SECAUCUS, N.J., July 17, 2018 /PRNewswire/ --
2018 QUEST DIAGNOSTICS STUDY FINDS:
A new study of physicians and health plan executives suggests that progress toward value-based care has stalled, and it may have even taken a step backward over the past year. The study, commissioned by Quest Diagnostics (NYSE: DGX), points to physicians' lack of tools and insufficient information about their patients as possible reasons. Other barriers include continuing misalignment of perceptions of physicians and health plan executives, particularly regarding the usefulness of quality metrics and technology in providing patient care.
"Stalled Progress on the Path to Value-Based Care" is the third annual study from Quest Diagnostics to gauge perceptions of physicians and health plan executives about the nation's journey to value-based healthcare, which focuses on care quality and patient outcomes rather than the quantity of services delivered.
To view the study, click here.
The study analyzes results from a survey of 451 primary care physicians and health plan executives collected earlier this year. It also reveals changes in perceptions over the past two years.
The survey also revealed differing perceptions of the usefulness of consumer-based strategies and investments in new technologies versus existing technologies in advancing value-based care.
"While our study suggests the healthcare industry still has a long way to go to deliver value-based care, it reveals avenues to speed the journey," said L. Patrick James, M.D., chief clinical officer, health plans and policy, medical affairs, Quest Diagnostics. "Measures that optimize EHRs, make data more accessible and insightful and reduce complexity of quality measurement are much needed steps to accelerate this transition. First, however, it's clear that health plan executives and physicians need to better align around a shared vision of how technology and data can improve patient care."
"It's encouraging to see that physicians and health plan executives recognize the potential of emerging technologies, such as artificial intelligence and blockchain in healthcare, to catalyze the shift to value-based care," said Lidia Fonseca, senior vice president and chief information officer, Quest Diagnostics. "That's a positive sign because it means our industry may be more open to harnessing the power of technology and insights from data to spur important transitions – like the shift to value-based care – than it was just a few years ago."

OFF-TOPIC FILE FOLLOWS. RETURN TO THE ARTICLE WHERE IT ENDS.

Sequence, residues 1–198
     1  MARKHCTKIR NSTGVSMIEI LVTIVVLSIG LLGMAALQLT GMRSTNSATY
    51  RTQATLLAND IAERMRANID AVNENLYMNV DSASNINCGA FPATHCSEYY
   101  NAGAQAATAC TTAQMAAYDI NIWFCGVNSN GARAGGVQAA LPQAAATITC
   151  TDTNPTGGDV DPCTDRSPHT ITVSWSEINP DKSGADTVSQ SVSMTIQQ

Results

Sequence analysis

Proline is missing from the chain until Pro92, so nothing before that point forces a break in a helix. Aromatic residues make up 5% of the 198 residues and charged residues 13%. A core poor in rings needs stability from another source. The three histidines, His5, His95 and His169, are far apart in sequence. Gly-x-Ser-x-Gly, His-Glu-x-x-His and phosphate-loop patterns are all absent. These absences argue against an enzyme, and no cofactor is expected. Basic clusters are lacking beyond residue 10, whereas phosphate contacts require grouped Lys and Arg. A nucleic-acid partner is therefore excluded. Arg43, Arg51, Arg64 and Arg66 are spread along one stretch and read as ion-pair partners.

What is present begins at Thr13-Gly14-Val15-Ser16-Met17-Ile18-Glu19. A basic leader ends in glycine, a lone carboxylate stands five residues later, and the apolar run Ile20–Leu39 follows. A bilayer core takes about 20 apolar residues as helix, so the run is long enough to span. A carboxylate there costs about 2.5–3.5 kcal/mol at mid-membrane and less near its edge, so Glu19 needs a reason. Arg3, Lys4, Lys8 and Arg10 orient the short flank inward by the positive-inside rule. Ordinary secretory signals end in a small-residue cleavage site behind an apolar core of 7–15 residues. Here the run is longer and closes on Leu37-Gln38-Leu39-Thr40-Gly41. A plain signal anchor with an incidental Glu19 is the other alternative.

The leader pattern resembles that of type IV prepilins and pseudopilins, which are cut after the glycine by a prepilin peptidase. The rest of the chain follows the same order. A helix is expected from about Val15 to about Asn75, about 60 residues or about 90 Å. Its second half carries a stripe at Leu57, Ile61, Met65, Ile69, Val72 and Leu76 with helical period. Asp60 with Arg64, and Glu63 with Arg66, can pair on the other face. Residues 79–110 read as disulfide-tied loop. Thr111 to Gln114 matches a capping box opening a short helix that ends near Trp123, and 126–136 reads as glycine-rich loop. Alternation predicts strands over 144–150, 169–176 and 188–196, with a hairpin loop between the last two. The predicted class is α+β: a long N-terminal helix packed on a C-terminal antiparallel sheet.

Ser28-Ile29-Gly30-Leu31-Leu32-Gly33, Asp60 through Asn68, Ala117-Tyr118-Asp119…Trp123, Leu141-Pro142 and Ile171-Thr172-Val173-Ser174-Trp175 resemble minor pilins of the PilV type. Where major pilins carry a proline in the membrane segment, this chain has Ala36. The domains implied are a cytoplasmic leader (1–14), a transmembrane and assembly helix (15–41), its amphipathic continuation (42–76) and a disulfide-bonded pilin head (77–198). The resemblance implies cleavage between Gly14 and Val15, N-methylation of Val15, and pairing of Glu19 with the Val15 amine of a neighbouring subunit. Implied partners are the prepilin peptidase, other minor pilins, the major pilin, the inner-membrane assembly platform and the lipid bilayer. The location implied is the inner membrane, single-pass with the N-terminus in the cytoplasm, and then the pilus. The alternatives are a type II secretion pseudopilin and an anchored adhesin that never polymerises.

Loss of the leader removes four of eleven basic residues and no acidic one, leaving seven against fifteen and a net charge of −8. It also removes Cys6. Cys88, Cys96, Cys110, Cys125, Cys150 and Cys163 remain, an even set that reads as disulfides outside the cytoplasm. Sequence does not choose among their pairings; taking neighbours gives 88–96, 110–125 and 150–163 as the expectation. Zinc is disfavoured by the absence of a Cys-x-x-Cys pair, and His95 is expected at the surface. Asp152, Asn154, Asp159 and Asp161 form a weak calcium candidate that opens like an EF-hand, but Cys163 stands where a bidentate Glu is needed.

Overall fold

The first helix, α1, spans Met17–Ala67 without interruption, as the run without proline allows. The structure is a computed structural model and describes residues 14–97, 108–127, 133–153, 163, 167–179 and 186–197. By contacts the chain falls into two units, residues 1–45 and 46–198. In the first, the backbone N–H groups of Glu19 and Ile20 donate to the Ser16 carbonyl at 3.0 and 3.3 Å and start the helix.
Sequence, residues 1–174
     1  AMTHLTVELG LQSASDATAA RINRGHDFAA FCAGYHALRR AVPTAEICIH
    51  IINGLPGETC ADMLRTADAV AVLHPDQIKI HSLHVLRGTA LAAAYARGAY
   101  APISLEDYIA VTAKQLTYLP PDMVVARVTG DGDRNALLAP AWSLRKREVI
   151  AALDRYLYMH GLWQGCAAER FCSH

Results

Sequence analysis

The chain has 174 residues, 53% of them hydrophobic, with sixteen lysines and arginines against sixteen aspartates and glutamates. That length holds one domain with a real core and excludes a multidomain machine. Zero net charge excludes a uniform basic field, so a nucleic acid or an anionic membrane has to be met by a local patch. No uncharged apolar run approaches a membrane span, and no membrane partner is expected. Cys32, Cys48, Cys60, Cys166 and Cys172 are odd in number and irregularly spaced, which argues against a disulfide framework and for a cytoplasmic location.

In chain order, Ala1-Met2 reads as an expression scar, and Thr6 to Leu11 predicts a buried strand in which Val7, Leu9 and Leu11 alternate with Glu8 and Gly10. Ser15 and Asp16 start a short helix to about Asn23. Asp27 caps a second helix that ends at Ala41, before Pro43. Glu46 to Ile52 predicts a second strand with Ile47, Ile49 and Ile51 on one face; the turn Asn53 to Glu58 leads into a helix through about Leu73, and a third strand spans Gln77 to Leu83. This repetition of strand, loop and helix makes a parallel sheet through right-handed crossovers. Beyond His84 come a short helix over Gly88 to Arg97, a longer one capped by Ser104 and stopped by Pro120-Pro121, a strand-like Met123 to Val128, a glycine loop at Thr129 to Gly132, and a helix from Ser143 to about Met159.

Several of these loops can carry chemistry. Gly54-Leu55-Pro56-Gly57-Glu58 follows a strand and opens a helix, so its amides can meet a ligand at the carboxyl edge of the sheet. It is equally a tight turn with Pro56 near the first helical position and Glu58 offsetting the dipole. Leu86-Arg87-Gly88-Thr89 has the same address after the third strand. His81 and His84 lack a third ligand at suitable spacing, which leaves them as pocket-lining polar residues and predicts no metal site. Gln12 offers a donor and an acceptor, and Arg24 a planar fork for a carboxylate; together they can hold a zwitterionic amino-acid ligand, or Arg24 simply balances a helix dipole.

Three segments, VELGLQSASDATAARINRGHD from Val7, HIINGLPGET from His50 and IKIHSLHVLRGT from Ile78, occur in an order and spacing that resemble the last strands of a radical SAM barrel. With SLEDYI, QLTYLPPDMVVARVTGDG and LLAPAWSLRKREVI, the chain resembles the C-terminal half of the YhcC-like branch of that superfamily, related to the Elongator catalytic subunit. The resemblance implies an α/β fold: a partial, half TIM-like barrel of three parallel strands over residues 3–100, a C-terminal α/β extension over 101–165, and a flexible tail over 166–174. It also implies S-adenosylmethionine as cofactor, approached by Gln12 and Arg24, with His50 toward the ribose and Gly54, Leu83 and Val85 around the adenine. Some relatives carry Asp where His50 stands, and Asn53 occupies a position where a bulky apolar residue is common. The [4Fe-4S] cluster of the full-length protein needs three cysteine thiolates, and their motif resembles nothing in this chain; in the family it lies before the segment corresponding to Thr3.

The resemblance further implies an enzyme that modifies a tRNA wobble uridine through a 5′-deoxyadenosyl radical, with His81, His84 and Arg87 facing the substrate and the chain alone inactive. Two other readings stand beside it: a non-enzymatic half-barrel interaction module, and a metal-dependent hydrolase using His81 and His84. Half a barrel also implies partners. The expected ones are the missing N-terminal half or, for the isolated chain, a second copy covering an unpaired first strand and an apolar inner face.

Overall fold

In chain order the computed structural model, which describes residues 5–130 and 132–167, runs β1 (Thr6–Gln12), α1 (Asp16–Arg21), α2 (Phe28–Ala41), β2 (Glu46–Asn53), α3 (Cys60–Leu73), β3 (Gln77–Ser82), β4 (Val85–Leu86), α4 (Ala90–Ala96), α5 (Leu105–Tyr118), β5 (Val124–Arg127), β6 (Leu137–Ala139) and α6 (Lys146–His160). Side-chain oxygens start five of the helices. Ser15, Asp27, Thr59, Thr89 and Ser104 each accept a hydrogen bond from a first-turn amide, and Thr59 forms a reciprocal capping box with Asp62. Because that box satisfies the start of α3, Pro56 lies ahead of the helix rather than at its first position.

The study, "Stalled Progress on the Path to Value-Based Care," can be downloaded here.
To download the 2017 study, "Progress on the Path to Value-Based Care," click here.
To download the 2016 study, "Finding a Faster Path to Value-Based Care," click here.
Regina Corso Consulting conducted an online survey on behalf of Quest Diagnostics from April 26-May 7, 2018. The survey was conducted among 451 respondents. Of these, 300 were primary care physicians employed in a private practice but who have an affiliation with a hospital and 151 were health plan executives (director-level and above). The margin of error for the full sample was +/- 5 percent.
About Quest Diagnostics
Quest Diagnostics empowers people to take action to improve health outcomes. Derived from the world's largest database of clinical lab results, our diagnostic insights reveal new avenues to identify and treat disease, inspire healthy behaviors and improve health care management. Quest annually serves one in three adult Americans and half the physicians and hospitals in the United States, and our 45,000 employees understand that, in the right hands and with the right context, our diagnostic insights can inspire actions that transform lives. www.QuestDiagnostics.com.
The company's Quanum™ portfolio of data analytics and information technology solutions leverages Quest's national connectivity, big data, technology and clinical expertise to help improve quality, outcomes, patient engagement and financial performance. For more information, visit QuanumSuite.QuestDiagnostics.com/Quanum.
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SOURCE Quest Diagnostics